Aviation Book: Fate is The Hunter

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This guest post is from Matthew Hood, a seasoned commercial pilot and General Aviation advocate.  He has many great stories to share, and we look forward to more!  He is also a proud owner of a Luscombe!  Please sit back and enjoy….


FATE IS THE HUNTER is one of my favorite aviation books of all time.  In his book, Ernest Gann explains from his vast experience of flying adventures how fate is always trying catch up with pilots.

I’m not sure if that is exactly true, but we all know that the punishment for tempting fate can be swift and terrible.  As we read and learn about previous accidents sometimes we ask how did that guy/gal do that?  The question we should be asking is how can I avoid the same fate as this other pilot who had a real bad day.  

For some situations there is nothing the pilot could have done to avoid experiencing the emergency.  A catastrophic engine failure comes to mind.  And for these situations we have training.  Hopefully everyone reading this knows what to do if your engine quits.  Other emergencies are more self induced.  Think continued VFR into IMC or a stall spin situation.  For these we have training on how to hopefully make good decisions to avoid the emergency in the first place.

But no matter what, few pilots wake up and say “Hey, I know, today I’m going to have an emergency in an airplane”.  Maybe we should.  If one is always searching for an emergency landing field, and all of a sudden one needs a field for real, that is one less thing to waste time on when the fan stops.  Updating your wx as you fly along on your cross country is another great way to use some brain activity in the present to avoid having to use a whole lot more when you fly into a surprise situation.  

Aviation Book: Fate is the Hunter


We hear about “personal minimums”.  Go get some experience to find out what yours should be.  Grab a CFI on a really windy day and have at it.  You will gain proficiency and learn what your limitations actually are.  Same goes for IFR stuff.  If you haven’t flown an approach in a while IN CLOUDS and there’s a cloudy day available, grab a CFII.  Again, building proficiency and discovering what your personal limitations should be is imperative.  But remember increasing your proficiency can be challenging but should always be fun.  (Remember that was the whole reason you got into this in the first place.)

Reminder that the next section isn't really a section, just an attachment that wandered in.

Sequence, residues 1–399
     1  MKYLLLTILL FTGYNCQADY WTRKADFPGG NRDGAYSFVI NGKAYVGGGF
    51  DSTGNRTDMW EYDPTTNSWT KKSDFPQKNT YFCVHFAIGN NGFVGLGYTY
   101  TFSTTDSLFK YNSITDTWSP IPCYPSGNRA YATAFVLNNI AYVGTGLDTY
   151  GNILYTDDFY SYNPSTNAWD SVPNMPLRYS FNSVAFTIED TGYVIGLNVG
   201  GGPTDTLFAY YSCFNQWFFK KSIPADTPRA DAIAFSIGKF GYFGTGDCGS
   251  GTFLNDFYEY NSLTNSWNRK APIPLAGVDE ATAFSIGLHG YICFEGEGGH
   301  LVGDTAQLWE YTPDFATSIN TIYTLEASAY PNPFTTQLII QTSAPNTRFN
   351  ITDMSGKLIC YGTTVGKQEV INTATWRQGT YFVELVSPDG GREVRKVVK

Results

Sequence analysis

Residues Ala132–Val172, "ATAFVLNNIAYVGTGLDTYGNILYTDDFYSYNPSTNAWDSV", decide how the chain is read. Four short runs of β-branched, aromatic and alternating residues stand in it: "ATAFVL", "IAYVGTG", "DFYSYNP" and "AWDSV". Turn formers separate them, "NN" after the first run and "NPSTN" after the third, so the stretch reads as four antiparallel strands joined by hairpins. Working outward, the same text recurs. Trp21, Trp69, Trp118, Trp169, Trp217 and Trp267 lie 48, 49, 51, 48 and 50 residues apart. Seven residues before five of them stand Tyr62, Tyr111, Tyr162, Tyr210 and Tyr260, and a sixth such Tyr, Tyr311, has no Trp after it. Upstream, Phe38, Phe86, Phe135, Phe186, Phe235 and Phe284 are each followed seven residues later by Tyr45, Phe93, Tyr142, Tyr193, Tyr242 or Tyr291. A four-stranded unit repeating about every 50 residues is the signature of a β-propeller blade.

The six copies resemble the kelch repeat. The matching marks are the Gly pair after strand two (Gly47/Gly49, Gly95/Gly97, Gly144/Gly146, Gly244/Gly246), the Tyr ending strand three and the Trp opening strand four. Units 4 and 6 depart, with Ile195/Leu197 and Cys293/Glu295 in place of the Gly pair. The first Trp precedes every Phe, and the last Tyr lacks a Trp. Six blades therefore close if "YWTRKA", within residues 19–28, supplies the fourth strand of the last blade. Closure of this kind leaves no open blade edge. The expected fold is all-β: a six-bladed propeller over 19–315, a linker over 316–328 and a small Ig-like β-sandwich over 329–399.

The ability to prioritize your actions in a bad situation is also worth its weight in GOLD.  Years ago there was a student pilot I knew who was finishing their first cross country.  Unfortunately, a few miles from the airport the fan stopped.  The student was able to find a golf course which was great.  Unfortunately they showed up with too much energy and the student pushed the nose down into the soft sod as the green was quickly shrinking.  The student was ok.  The plane was totaled.  There was a full fuel tank in the wing not selected.  In all the rush, the fuel selector was never changed to the full tank.

For the record I blame the CFI for that one.  The student was put into a situation with a good airplane and good weather.  All they had to do was move one valve and everything would have been fine.  Unfortunately the student was not taught how to prioritize in a bad situation.  

So what can we do to help fate to go hunt someone else?  Train how you fly and fly how you train.  Always try to think ahead of the airplane.  Never take the plane somewhere your mind hasn’t gotten to miles ahead of time.  Play the “what if game”.  Use good judgement to avoid unwanted adventure and lastly, grab a CFI on a day that is outside your solo comfort zone expand your horizons. 


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